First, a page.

21 JUNE 1963, Page 23

Getting on Fast

Germany's Other Half. By Franz von Nesselrode. (Abelard Schuman, 21s.) Berlin. Success of a Mission? By Geoffrey McDermott. (Andre Deutsch, 16s.) Germany's Other Half is a painstaking attempt to produce a less unfavourable impres- sion of East Germany (GDR) than is normally given by Western news and propaganda media. Herr Nesselrode carefully does not praise with- out criticism, nor does he compare East with West Germany without gallantly conceding some points to the West. In spite of many interesting figures, he does not add much to our existing knowledge. The study ignores some key facts necessary to an understanding of Ulbricht's part of Germany, such as the permanent and apparently incurable imbalance of the East German economy produced by Soviet-owned industrial concerns and basic industries and heavily weighted trade treaties between Russia and Communist Germany. His estimate of genuine adherence among the 17 million East Germans to Communism is exaggerated, and 1 would take a small bet that if genuine elections were held in the GDR after several months' un- restricted campaigning by all the German Parties, including the Socialist Unity Party (Communist), the results would be a victory for the Social Democrats and the SUP could not hope for more than 7 per cent.

Mr. McDermott's book is naturally much more interesting and it was bound to be, written by the former Minister in Berlin who was asked to resign from the Foreign Service in the middle of his tour of duty. His book will not tell the reader much that is reliable about Berlin; but much about the writer. It will be read for its scandal value, but the question as to why Mr. McDermott left Berlin is left unanswered. However, the 'Plan for Berlin' published in it is almost exactly the plan for a 'Free De-Militarised City of West Berlin' proposed by the Russians and East Germans. If, as he says, Mr. McDermott discussed these ideas as his own in Berlin and Mentioned them in his lecture (p. 94) to the Imperial Defence College, this alone might account for his sudden departure from the Poreign Service.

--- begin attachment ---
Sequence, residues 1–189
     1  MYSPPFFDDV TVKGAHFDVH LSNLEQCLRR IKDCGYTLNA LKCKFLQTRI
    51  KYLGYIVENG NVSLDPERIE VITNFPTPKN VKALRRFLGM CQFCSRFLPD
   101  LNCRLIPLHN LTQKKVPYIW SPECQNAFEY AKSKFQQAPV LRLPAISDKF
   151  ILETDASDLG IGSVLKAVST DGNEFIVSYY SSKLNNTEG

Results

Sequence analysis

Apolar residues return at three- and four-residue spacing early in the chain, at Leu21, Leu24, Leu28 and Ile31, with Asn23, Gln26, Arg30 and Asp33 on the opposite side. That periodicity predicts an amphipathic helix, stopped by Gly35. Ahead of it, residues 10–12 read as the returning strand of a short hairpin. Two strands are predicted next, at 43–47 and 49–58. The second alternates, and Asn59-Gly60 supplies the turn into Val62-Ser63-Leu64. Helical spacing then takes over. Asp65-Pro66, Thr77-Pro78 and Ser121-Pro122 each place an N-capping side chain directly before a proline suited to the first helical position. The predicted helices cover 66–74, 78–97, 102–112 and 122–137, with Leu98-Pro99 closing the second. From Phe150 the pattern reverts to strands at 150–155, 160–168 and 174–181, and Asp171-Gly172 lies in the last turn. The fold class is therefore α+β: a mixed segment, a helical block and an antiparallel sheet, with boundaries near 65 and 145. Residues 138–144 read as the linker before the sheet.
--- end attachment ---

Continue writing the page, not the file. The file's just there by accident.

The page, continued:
The content is full of factual errors. FDP does not mean Free German Party. The Air Safety Centre in Berlin is not in the British Sector of Berlin. The Russians did not build the ex- Stalinallee. The modern West German Army is not called the Reichswehr. The Russian military Missions in the former western zones of Germany are not unrestricted in their movements—neither Were those zones, when they existed, ever called sectors. The host town of Rhine Army head- quarters is not Muenchen-Gladbach. It is a Mystery how anyone could be officially in Berlin for more than a few weeks and not be aware of all these facts, and many more.

Style always betrays a writer's character. In this book persons with whom the writer is no longer on speaking terms are referred to by their nicknames and there is a deal of trans-Atlantic slang, intended to give the impression that HM ex-Minister is just a chap like you and me, Mate, and that is why the Top Brass did not like him. Two characteristics I found striking. first an extraordinary conceit of himself, accompanied by ludicrous condescension to his colleagues and superiors. He patronises Bonn Ambassador Sir Christopher Steel and Comman- dant General Delacombe, writing of them as Kit and Jumbo; he patronises Berlin's cultural

life; he patronises Sir Frank Roberts, now Ambassador in Bonn; he approves kindly of Mayor Brandt whose friendship was not so warm towards Mr. McDermott, I am informed, as the latter would have us believe; he wishes he could admire Chancellor Adenauer, but cannot. He finds Lord Home engaging. The other noticeable characteristic is a coarseness strange in one who spent twenty-six years being a diplomatist. For instance, Ulbricht, whose government McDer- mott wishes to see recognised, is referred to as `sticking his snout in.' The formidable and dynamic Ambassador Kroll is a `roly-polyman.'

Mr. McDermott writes that he cut down reports to the British Embassy in Bonn and, in several places, that he communicated directly with the Foreign Office, side-stepping both Berlin Commandant and Bonn Ambassador. He felt that the Minister in Berlin should have much more power in his own right and it is clear that the upgrading of the post before he took it over went to his head. Even had he gone more discreetly about this project, it is doubtful if he could have succeeded, since he has no serious knowledge of the facts or implications of the Berlin situation. For instance, he believes that the Russians are not interested economically in the GDR and refers to that area several times as an agricultural one. It is still one of the world's most concentrated industrial complexes, which is why the Russians are so attached to it.

This is the sort of book one might expect from a man who has never held responsibility, and has never been in the midst of the world's affairs. It throws up not the question why McDermott was asked to resign from the FO, but how did he ever get on so fast in the Service?